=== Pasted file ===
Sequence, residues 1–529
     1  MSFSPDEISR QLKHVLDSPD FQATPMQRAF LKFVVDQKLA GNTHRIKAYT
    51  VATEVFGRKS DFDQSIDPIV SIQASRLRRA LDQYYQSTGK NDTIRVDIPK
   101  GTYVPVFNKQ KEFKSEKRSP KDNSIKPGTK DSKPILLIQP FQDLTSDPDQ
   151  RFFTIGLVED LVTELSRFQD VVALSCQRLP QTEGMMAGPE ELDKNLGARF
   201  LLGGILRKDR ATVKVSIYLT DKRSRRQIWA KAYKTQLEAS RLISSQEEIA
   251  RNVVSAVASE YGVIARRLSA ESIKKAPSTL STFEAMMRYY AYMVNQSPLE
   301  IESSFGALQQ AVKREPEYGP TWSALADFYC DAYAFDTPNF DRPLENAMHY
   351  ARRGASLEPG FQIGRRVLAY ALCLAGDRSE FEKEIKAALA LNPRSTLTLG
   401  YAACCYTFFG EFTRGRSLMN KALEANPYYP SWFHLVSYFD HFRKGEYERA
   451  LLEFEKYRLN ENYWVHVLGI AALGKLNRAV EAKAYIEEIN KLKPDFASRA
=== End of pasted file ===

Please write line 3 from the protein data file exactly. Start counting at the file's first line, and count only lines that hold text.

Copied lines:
    51  VATEVFGRKS DFDQSIDPIV SIQASRLRRA LDQYYQSTGK NDTIRVDIPK